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What question are you really concerned with... The pure running cost for electricity of an individual device, or the total cost of ownership (TCO)? As stated, TDP says nothing about actual power consumption. But even then it's just a small part of the puzzle.

Assuming €0.20/kWh and 24/7 operation:
15W average = €26.30 / year
20W average = €35.06 / year
25W average = €43.83 / year

So the actual difference in yearly electricity consumption is really small. Buying a cheaper device with higher power consumption might still be an overal better deal in terms of TCO.

If you're really concerned about power usage and running cost, you'll have to look much further than just the CPU. For example: the quality of the power distribution components on the motherboard, the efficiency of the PSU, power management in the BIOS, power management in the OS, power draw of other components on the motherboard and add-in cards, etc. etc. You can find a lot of resources online on how to build the most energy efficient machine, but more efficient components are usually more expensive to buy. So again, it's a matter of TCO...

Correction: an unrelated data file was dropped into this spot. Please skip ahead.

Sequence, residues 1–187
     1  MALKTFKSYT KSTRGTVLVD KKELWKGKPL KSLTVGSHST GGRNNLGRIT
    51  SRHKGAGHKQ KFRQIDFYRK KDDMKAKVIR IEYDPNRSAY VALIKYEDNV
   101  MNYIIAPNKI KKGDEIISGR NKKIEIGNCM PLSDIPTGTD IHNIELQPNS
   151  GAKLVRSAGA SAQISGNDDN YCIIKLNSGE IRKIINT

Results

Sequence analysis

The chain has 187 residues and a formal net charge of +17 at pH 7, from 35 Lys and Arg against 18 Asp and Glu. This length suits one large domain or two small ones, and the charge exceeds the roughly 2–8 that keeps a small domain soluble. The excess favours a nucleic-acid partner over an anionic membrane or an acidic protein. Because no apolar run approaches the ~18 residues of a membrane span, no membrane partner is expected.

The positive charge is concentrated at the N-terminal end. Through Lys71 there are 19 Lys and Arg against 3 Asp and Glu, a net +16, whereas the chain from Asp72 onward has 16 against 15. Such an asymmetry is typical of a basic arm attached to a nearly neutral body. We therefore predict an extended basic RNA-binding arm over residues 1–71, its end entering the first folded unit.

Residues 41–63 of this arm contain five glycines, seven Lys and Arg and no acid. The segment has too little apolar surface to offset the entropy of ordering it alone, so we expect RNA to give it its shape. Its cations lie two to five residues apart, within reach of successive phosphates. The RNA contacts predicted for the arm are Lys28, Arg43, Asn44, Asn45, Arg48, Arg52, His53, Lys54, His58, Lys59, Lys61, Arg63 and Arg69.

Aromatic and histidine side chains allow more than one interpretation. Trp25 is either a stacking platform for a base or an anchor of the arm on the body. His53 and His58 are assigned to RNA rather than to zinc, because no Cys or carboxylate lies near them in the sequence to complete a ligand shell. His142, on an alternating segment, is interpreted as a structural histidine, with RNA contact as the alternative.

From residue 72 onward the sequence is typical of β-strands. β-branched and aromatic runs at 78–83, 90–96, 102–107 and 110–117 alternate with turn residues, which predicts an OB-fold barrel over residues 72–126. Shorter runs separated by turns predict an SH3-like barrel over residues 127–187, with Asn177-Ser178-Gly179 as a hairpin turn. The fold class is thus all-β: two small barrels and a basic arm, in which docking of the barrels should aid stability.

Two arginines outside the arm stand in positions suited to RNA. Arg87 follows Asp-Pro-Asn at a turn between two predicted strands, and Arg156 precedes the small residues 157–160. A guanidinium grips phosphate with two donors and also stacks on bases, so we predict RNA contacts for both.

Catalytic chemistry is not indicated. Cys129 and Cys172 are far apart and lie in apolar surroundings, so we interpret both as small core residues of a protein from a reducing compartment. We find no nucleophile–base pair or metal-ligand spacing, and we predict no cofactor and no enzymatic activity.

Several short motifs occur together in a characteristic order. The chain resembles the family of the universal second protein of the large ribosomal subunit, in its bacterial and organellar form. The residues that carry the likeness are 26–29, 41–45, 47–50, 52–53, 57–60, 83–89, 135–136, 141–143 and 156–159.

that's my conclusion.

no, i just wanted to get an idea about what will be the consequences depending on the choosen cpu. if what i'm doing is stupid/totaly stupid/deserves a slap in the face... :joy:
electronics is really not my cup of tea, that's why I asked you your opinion on the matter... :sweat_smile:
cpubenchmark tables about TDP are not very clear for people like me, now I know a little more

just found a couple of Smart Wifi Power Plug i have in a drawer. i used them in the past to power On/Off some devices during the night.
it can record power consumption, I don't know if it is very reliable but it can be a good indicator.

or any of those sonoff POw R2/ Dual R3 etc

flash tasmota or esphome and calibrate those plug. https://tasmota.github.io/docs/Power-Monitoring-Calibration/